What is it?
It’s the new Fiat Panda 100hp, and there aren’t enough cars like it in the world. At risk of sounding like a miserable old duffer, mainstream cars are typically nowhere near as much fun as they used to be. That they’re stronger, safer and more refined is beyond question. It’s just that they’ve lost much of their excitement along the way. So the arrival of the Panda 100hp is rather refreshing, because it’s a wee bundle of fun.
What’s it like?
Great to look at, we think. The wheels are where they should be, right bang in the corners; the body skirts and wheelarches are flared just-so; the cheeky wee chrome tailpipe, false diffuser and (real) rear spoiler are jolly without being oversized.
And the same goes for the alloys. Fifteen-inch wheels are small by today’s standards – even Corsas come with nothing diddier – but here they add just the right poise; helped no end by a 25mm suspension drop. It’s not aggressive – this is a Fiat Panda, after all, so it’s more Pirates of the Caribbean than Apocalypse Now. The autofication of swashbuckling nonsense.
With the ride height reduction comes 25 per cent stiffer springs and dampers and a thicker front roll bar (there isn’t a rear one). The bump stops are polymer rather than rubber and come into play sooner. Rear disc brakes are from the Panda 4x4, ventilated front discs come from the new Punto, as does the engine. The 1.4-litre FIRE unit here develops 99bhp (100PS), up by 5bhp over its Punto application.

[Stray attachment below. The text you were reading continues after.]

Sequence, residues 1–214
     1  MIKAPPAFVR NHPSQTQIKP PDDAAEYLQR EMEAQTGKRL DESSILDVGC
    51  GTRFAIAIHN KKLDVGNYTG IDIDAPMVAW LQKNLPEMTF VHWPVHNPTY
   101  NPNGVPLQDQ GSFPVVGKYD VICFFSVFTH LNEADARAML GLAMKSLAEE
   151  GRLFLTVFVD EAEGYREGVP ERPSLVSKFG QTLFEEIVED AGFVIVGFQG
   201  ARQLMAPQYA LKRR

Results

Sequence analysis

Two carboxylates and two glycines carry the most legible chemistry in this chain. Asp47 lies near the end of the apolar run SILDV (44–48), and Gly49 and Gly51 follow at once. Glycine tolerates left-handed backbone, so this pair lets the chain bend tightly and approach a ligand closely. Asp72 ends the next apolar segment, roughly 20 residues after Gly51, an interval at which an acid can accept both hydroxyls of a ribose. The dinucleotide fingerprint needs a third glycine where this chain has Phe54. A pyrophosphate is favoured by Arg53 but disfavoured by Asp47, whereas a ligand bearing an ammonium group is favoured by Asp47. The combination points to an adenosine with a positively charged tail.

The interior is rather more standard. Front seats are well bolstered, but although Fiat claims the grey trim looks sportier than usual and the steering wheel’s leather-clad, it’s the gearknob’s six indicated speeds and the discreet Sport button (of which more later) that are the only obvious indications this is anything other than a regular Fiat Panda. Which, actually, makes it reminiscently like a junior hot-hatch of old: fun comes from driving, not from velour headlining.
And, to a point, that’s what this car is about. The Panda 100hp is a genuinely lively car to punt along. All of its major controls are light and the ride’s just the right side of acceptable. True, it’s a little jittery on bad roads and, because of its compact size, speed bumps tend to unsettle both front and rear at the same time, but they’re small prices to pay to get a car that’s so willing to change direction.